Situational Awareness for All Public Safety Responders

Situational Awareness for All Public Safety Responders

Police, Fire, EMS, and Corrections personnel (my apologies if I missed anyone) are all taught and practice situational awareness.  This practice is what allows so many First Responders to go home safe after shift.  In the usual application of situational awareness (Is the scene safe?  Am I?), most threats to that safety can be seen or heard.

That changes when the threat (amongst all the others that remain) is literally microscopic.  And, the signs and symptoms of illness, a) look like other currently circulating respiratory illnesses like flu and colds; b) may not start until after the person has been capable of making others sick for up to 1 – 3 days before the onset;  or c) about 25% of the time, symptoms don’t happen at all, so the virus is transmitted (shared) to someone else.

Also, because it can’t be seen, while tackling our everyday roles, we forget it may linger in the air for a few minutes to a few hours after a cough, sneeze, talking, breathing, or more persistently, after the use of a nebulizer, or on surfaces where those droplets may fall or “accidentally” be added by hands contaminated by those droplets.  This includes tables, chairs, floors, door knobs, light fixtures, keyboards, TV removes, faucets…well, you get the picture.  How long the virus stays capable of making someone else sick, if introduced to someone else’s eyes, nose or mouth by touch, is dependent on lots of factors.  How much virus there actually is, how much fluid (usually mucous) surrounds it, temperature, humidity, and if there was any attempt to clean/disinfect it.  SARS-CoV-2 virus is fairly easy to kill on surfaces as long as the disinfectant is on the list of EPA- Approved Disinfectants for COVID-19 and the directions on the label are followed (including the “kill time”, the time the disinfectant needs to stay on the surface without disturbing it).  And, it presumes a two-step process that first cleans the area and then disinfects.  To clean your hands/arms (or any other body part like face, hair, etc.) simple soap and running water, hand sanitizer with at least 60-70% alcohol, and/or shampoo, easily kill the virus.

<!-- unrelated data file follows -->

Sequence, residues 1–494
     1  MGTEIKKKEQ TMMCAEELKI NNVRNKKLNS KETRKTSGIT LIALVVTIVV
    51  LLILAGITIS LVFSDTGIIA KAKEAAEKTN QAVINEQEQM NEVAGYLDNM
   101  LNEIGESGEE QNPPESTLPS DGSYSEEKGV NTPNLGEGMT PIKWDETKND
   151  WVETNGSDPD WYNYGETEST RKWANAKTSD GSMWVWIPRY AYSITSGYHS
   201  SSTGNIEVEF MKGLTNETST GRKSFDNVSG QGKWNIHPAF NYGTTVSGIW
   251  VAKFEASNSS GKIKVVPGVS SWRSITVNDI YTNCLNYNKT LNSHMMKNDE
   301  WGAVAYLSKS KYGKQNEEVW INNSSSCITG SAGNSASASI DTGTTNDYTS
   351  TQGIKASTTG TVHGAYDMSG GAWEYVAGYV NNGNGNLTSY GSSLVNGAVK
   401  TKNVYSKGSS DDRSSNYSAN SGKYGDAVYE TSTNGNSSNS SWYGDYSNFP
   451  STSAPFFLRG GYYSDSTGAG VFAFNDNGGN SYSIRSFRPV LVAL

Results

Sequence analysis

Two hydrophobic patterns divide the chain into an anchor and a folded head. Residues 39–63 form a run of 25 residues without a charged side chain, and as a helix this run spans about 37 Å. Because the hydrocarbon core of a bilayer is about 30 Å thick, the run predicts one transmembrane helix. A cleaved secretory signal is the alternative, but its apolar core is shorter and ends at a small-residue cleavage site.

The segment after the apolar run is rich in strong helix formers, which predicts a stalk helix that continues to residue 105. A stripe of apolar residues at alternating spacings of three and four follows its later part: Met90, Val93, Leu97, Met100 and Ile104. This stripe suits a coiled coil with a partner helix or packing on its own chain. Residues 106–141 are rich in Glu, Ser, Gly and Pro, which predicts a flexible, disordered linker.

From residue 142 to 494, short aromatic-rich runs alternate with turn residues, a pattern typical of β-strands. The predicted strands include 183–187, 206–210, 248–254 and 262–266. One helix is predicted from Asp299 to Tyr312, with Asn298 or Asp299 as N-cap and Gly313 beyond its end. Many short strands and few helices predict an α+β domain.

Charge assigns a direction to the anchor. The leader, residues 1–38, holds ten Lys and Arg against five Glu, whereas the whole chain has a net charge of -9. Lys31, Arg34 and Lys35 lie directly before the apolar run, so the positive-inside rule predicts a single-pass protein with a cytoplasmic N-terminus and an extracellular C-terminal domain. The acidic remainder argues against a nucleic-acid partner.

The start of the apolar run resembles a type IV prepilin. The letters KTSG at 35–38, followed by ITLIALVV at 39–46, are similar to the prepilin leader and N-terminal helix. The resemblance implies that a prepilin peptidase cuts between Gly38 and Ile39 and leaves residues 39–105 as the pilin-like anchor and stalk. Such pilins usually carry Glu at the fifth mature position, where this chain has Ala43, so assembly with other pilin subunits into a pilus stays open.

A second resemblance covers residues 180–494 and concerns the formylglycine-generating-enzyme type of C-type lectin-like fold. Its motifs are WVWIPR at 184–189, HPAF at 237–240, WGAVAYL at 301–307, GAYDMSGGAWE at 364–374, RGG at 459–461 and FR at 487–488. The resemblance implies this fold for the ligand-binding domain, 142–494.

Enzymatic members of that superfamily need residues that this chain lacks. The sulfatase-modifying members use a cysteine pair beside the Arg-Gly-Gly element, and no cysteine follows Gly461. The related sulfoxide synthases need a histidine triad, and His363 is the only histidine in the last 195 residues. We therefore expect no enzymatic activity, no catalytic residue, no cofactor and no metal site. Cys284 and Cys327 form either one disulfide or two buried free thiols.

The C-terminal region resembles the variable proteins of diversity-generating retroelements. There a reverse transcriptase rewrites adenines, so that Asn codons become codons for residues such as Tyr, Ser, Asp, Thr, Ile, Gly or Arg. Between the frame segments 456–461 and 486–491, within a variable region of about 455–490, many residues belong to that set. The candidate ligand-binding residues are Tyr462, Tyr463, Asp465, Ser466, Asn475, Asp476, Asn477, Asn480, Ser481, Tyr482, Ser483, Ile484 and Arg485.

Be aware of what your hands/arms touch or otherwise come in contact with, and wash them often, even if you are wearing gloves.  Gloves are not magic.  They do protect your hands as long as they are intact, however, they can still have virus on them that can transfer to your face or clothes or steering wheel, lunch or…well, you get the picture.  If glove supplies are precious, you can wash your gloves while they are on your hands using the same soap and running water for at least 20 seconds of motion.  Make sure you dry them well.  Use disinfectant wipes or an EPA-approved spray and disposable rag to wipe down areas that your hands or objects that might be contaminated have contacted.  These are known as ‘high touch’ objects and include handles, switches, keyboards, phones, personal or office, seatbelts, equipment, etc.  Be very mindful of where your uniform or clothes touch and try to avoid contact with other’s clothes, objects or surroundings, whenever possible, especially if not wearing appropriate PPE.

Lastly, limit the amount of people potentially exposed to the virus or those that have respiratory or influenza-like-illness (ILI), to those that are necessary to provide professional assistance or care.  When possible, unless someone is in appropriate PPE, keep a distance of at least 6 feet between you and the person(s) you are aiding/addressing until you can establish if full PPE is needed.  If more PPE is indicated, take the time to don it correctly.  If at all possible and not in conflict with SOPs/Policies, have patients or persons who are able to safely walk, meet you at the door or come outside, where there is likely less virus present on surfaces or in the air.

PPE:

Donning and Doffing:
https://www.cdc.gov/niosh/npptl/pdfs/PPE-Sequence-508.pdf

Donning and Doffing a Disposable Respirator (N95 Facemask):
https://www.cdc.gov/niosh/docs/2010-131/pdfs/2010-131.pdf?id=10.26616/NIOSHPUB2010131

3 Factors Required for a Respirator to be Effective:
https://www.cdc.gov/niosh/npptl/pdfs/KeyFactorsRequiedResp01042018-508.pdf

Video on N95 Respiratory Donning & Doffing and Every Use Seal Check:
https://www.youtube.com/watch?v=Tzpz5fko-fg

Understanding the Difference between Surgical Masks and N95 Respirators:
https://www.cdc.gov/niosh/npptl/pdfs/UnderstandDifferenceInfographic-508.pdf

 Recommended Guidance for Extended Use & Reuse of N95 Respirators for HCWs:
https://www.cdc.gov/niosh/topics/hcwcontrols/recommendedguidanceextuse.html

NETEC PPE Use and Conservation Posters and Videos:
https://repository.netecweb.org/exhibits/show/ppe-cons/ppe-cons

Cleaning & Disinfection:

EPA Approved Disinfectants for Use Against SAR-CoV-2 Virus that Causes COVID-19:
https://www.epa.gov/pesticide-registration/list-n-disinfectants-use-against-sars-cov-2

CDC Guidance for EMS – See the Section Titled Cleaning EMS Transport Vehicles after Transporting a PUI or Patient with Confirmed COVID-19: https://www.cdc.gov/coronavirus/2019-ncov/hcp/guidance-for-ems.html

CDC Guidance for How to Clean/Disinfect Home and Community Areas (not appropriate for Health Care Areas Including EMS Equipment & Pt Transport Vehicles):
https://www.cdc.gov/coronavirus/2019-ncov/prevent-getting-sick/cleaning-disinfection.html?CDC_AA_refVal=https%3A%2F%2Fwww.cdc.gov%2Fcoronavirus%2F2019-ncov%2Fprepare%2Fcleaning-disinfection.html

Download pdf.

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